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enricosapicco

problem requiring modules inside bundles

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Hey people;

I have been developing a framework. I want to publish it as an npm package. I bundle my code with webpack on framework project and I am using bundled js file inside the game project which is bundled via browserify. I wanted to test it with different bundlers. My case is;

On framework;

the folder hieararchy is;

-src

--index.js

-release

--index.js

Webpack bundles ./src/index.js to ./release/indes.js

in ./src/index.js I have simplest code snippet as follows;

module.exports = 'tattaratatta';

on game project that I use framework, I have app.js and bundle.js. on app.js inside the game project I have the following code;

var fr = require('./../framework/release/index.js');

console.log(fr);

this logs out an empty object. but when I change it to;

var fr = require('./../framework/src/index.js');

console.log(fr);

it logs out tattaratatta correctly.

I watched some tutorials on youtube, read some tutorials online but can't find out what I am doing wrong. Appearently, I can't seem to require te module from the bundled file. Any idea?

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You have a few potential issues:

The key one, I think, is that you aren't including your module properly, although you may also not be bundling it correctly.

The process should be as follows:

1) Create your source files using whatever language/language features you require

2) Your build step converts your source code into something the browser can use, additionally it may prepare this for a module system (this is where your issues are I believe).

3) Publish your module, if you are pushing to npm you can assume that the consumer is in a commonJS module world so you don't need to bundle at all. You only need to bundle if you are additionally shipping your module into a format that can be included directly within the browser, you can publish this version to npm also but you should be bundling it differently.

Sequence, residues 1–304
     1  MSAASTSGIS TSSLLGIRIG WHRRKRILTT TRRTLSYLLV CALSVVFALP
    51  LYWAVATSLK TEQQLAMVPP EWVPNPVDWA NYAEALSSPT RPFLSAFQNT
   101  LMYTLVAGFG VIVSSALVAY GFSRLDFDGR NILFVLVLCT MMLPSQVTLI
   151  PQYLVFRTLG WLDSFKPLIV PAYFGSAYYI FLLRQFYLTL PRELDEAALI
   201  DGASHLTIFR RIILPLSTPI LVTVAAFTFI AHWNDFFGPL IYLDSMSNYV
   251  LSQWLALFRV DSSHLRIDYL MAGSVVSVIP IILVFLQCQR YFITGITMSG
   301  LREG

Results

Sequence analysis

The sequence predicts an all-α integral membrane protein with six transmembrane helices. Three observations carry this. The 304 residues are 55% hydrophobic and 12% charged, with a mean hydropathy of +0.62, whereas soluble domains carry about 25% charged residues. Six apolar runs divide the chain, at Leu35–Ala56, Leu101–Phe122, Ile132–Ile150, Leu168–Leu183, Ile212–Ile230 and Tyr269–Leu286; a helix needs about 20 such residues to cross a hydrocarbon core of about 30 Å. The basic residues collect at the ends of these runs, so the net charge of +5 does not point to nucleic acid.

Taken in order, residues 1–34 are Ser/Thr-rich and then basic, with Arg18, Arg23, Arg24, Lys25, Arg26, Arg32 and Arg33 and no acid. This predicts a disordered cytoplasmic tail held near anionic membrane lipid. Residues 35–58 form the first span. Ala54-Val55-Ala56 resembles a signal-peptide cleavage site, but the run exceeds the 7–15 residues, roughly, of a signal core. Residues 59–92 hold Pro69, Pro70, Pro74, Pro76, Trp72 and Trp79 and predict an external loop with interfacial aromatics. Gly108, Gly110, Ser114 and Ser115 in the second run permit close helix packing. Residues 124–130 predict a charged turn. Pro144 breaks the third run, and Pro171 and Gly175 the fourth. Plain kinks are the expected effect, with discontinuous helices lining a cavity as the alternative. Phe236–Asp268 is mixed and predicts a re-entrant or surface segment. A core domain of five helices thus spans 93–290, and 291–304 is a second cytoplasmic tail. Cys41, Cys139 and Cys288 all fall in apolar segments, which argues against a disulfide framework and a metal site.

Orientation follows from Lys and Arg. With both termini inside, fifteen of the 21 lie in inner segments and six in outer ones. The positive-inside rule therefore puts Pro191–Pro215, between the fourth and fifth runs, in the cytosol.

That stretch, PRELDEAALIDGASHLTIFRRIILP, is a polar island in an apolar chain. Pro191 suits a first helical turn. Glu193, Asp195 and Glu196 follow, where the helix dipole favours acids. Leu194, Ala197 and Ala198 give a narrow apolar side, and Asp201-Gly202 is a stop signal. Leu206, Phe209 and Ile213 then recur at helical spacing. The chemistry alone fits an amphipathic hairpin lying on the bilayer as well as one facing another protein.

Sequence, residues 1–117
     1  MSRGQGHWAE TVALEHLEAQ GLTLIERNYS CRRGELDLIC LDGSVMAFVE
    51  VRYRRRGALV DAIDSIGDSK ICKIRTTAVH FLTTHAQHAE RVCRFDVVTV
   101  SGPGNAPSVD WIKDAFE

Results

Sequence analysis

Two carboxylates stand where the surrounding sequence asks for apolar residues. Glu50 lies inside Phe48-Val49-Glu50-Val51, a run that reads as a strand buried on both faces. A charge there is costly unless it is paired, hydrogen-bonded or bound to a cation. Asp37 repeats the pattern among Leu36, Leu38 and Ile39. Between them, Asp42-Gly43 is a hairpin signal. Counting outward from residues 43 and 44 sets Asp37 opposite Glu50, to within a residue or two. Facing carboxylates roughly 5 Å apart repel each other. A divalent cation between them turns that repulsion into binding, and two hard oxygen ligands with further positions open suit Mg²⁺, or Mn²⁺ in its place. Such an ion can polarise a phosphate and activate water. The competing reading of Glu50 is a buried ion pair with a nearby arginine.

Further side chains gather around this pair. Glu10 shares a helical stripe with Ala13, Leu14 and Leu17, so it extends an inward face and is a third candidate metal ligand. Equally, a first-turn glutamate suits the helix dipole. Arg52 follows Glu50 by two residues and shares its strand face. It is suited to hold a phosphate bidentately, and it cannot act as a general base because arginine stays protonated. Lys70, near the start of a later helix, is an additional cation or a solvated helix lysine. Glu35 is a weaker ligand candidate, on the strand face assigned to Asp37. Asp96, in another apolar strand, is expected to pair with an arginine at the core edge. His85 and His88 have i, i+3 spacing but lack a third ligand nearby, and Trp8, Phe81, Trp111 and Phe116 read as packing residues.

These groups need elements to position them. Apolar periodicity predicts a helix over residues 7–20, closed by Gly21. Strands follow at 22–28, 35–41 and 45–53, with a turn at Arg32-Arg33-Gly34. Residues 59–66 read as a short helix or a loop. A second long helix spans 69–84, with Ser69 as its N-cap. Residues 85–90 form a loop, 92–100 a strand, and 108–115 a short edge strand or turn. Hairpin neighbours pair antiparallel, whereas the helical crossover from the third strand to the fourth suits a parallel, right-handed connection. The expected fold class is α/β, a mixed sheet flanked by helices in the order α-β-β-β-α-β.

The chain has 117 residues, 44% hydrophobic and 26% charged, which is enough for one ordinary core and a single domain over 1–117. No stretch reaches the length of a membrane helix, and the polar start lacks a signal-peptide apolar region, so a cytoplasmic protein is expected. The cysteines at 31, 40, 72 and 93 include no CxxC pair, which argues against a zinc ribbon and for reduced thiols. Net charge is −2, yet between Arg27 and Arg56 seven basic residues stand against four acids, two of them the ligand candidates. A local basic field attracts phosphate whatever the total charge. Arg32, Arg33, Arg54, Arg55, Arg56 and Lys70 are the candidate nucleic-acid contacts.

4) If publishing to npm your module package.json should contain a 'main' field, usually something like "main": "lib/index.js" or "main": "dist/index.js", or even "main": "src/index.js" if you are writing in straight JS (note that if your module targets node only and you specify and engine to use then there should be no need to transpile, just use language features that your specified engine version understands, with the browser this becomes trickier as you don't know what language features will be supported).

When you consume a module you should:

1) `npm install -S myAwesomeModule`

2) inside your code you use commonJS module spec to import the module: `var awesomeModule = require('myAwesomeModule')`. At no point should you be reaching in to a module to require it, you should have one point of entry into the module to import it into the project. In short, require('./../framework/release/index.js') is not a good way to include it, the "main": "release/index.js" is all that is needed to tell your module system where to include the dependency from (pretty sure its a required field for this very reason).

3) Now that you have littered your browser/project code base with `require('XXX')` you need to convert that into something the browser can use, browserify or webpack does this bundling/packaging.

You should not bundle your module if npm is your target. You may additional create a bundled version for use in the browser and your consumers may choose to use npm to manage those dependencies, at which point you may include <script src="node_modules/myAwesomeModule/release/bundle.js"></script> (it would be best you have an additional system that copies dependencies from node_modules into a build directory, but this is a separate concern).

In short, you should not be using webpack to create a bundle for your module, the only caveat is if you are creating a standalone build. If your project requires transpilation (from newer language features, or from typescript or whatever) than you should do that in your module and ship transpiled code (check out "jsmain" package field for places where this is not entirely true, not that it is non-standard), the bundling is a separate concern.

If you want a more specific answer paste in your `release/index.js`, I expect that you have used webpack to create a runnable version i.e. there will be no top-level export for you to import.

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